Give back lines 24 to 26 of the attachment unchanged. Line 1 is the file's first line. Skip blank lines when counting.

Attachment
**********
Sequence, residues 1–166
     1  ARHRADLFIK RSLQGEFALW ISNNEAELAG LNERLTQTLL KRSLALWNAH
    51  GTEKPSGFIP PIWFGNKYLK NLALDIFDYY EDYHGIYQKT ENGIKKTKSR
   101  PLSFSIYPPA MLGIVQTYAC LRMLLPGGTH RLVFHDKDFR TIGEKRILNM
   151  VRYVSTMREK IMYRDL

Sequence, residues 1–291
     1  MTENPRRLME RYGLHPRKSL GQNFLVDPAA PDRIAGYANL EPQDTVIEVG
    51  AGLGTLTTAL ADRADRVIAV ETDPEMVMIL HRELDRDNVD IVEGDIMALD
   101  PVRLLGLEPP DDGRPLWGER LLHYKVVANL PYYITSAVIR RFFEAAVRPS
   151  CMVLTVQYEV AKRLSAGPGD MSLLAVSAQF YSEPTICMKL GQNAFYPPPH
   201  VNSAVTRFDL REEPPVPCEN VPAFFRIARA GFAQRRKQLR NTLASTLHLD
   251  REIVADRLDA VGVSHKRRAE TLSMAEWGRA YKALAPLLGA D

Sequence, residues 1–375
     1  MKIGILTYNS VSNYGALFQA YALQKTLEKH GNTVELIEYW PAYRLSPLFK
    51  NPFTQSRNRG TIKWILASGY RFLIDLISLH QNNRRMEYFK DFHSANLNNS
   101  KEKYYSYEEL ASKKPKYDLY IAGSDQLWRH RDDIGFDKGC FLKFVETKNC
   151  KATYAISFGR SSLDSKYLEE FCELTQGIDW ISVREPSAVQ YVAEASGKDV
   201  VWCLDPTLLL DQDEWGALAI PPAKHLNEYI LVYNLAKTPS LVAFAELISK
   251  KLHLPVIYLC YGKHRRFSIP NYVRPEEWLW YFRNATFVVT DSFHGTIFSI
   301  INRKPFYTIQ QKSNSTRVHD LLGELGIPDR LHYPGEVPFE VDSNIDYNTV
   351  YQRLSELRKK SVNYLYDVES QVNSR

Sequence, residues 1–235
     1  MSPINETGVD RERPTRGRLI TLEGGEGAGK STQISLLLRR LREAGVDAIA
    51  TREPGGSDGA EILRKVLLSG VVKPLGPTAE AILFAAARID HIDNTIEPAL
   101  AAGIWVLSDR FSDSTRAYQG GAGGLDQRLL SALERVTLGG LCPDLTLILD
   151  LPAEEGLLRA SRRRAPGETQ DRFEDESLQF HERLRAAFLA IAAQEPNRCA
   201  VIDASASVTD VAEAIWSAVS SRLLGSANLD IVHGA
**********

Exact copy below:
    51  TREPGGSDGA EILRKVLLSG VVKPLGPTAE AILFAAARID HIDNTIEPAL
   101  AAGIWVLSDR FSDSTRAYQG GAGGLDQRLL SALERVTLGG LCPDLTLILD
   151  LPAEEGLLRA SRRRAPGETQ DRFEDESLQF HERLRAAFLA IAAQEPNRCA